3. JOHN,

      Do you seriously believe that the NYT is a liberal paper? Based on what? Because they are not as pro Trump as you would like?

      1. bill mcwilliams – the fact that you don’t think the NYT is a liberal paper says much about you. I gave up my subscription when they started masturbating over Obama’s name.

  8. These were highly inappropriate and inaccurate statements from a president. However, once again, courts seemed to immediately become the very stereotype that Trump was painting.

    You’re very concerned people should be deferential to those who merit no deference. If the courts wish to be treated deferentially, they need to earn that deference. You know perfectly well why they lost it.

  9. Trump isn’t ‘bringing out the worst in people’. What Trump does is provoke reactions in which our worst people reveal themselves. There is intense intellectual and moral corruption in the courts system and legal academy, intense intellectual and moral corruption in higher education, a complete breakdown in professionalism and ethical baselines in the major media, a collection of unprofessional partisan Democrats ensconced in federal agencies, widespread arrogance gross foolishness in the professional-managerial class generally, and (in the black population) a kultursmog of ugly ethnic particularism (which white leftists feed with Miracle Gro).

    The country would benefit from what Gottfried DIetze called a diffidatio, one in which the Bourbons in the legal profession and higher education are deposed and exiled.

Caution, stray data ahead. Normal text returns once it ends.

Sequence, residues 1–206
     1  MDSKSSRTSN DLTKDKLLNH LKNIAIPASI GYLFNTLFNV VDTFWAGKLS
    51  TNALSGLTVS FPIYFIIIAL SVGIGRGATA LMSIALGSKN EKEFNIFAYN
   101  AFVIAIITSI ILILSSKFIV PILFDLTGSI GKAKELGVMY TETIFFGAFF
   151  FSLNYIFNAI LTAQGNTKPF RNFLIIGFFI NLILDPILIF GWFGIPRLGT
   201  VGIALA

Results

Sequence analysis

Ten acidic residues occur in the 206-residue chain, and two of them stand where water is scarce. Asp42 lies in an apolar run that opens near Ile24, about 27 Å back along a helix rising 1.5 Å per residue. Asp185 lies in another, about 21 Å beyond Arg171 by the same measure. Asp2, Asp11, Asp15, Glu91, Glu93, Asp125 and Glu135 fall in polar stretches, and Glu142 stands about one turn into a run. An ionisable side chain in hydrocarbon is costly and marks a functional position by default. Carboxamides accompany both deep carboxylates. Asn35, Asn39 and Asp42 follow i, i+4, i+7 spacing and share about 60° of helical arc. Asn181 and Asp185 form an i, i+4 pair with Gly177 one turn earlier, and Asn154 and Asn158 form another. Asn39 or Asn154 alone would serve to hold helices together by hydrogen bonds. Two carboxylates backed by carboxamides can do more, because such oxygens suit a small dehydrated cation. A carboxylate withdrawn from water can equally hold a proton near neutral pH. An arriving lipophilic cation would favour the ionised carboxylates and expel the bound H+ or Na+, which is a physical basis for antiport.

10. If judges do not want to be disparaged they need to stop acting like legislators.

  11. Please stop making a fool of yourself by continually suggesting that it’s trump”s fault that the media is insane or corrupt or both. It just diminishes you to a patronizing fos establishment elites due to whom I don’t watch msm anymore ! Reason I read your blog is when I compare you to the rest of the liberals you are reasonable but continued suggestion that victim is in some way responsible is as offensive as suggesting that your daughter was in some way responsible for her rape , do you get it ? No your daughter is not perfect but she is not responsible for her own rape ! Give me break !

  12. To take the edge off, and also demonstrate comparatively how most of today’s pop music is assine, I offer The Cranberries.

    1. Oh my God make me puke. The Cranberries with Dolores at the helm were pathetic pablum spewers for pussies who couldn’t handel GNR, Pearl Jam and Nirvana.

  13. Turley’s remarks regarding main stream media and how they are increasingly against Trump has a certain veracity. However, the media does, in large part, reflect the people. People gravitate to the media that is in sync with their opinions. The bias, however, is to be found on both the for and against Trump/GOP vehicles. The quality of media coverage can also be examined on both the left and right. The bias on the main or core left side media exists but is nothing compared to the bias on the right. Read the Washington Times or Fox News and you will find an entrenched anger routinely directed at Obama, complete with lies and exaggerations. You will find next to no reporting of the travesties created by Trump, his idiocy, and general opinion in the US and around the world. Read the Washington Post and the New York Times and you also find over the top reporting on Trump’s activities and the intransigence of the GOP. You will also find neutral reporting of Trump and his rare more rational moves. You will also find criticism of Clinton, Obama, and the Democrats. Clinton and both her and her husbands’s nefarious affairs and possible transgressions have been examined in depth on these horribly biased rags. That is the nature of the media. In France there are four major political parties, each with a main stream media newspaper. When you read Le Figaro, Le Monde, etc you understand their bias. You also understand that the news is the news.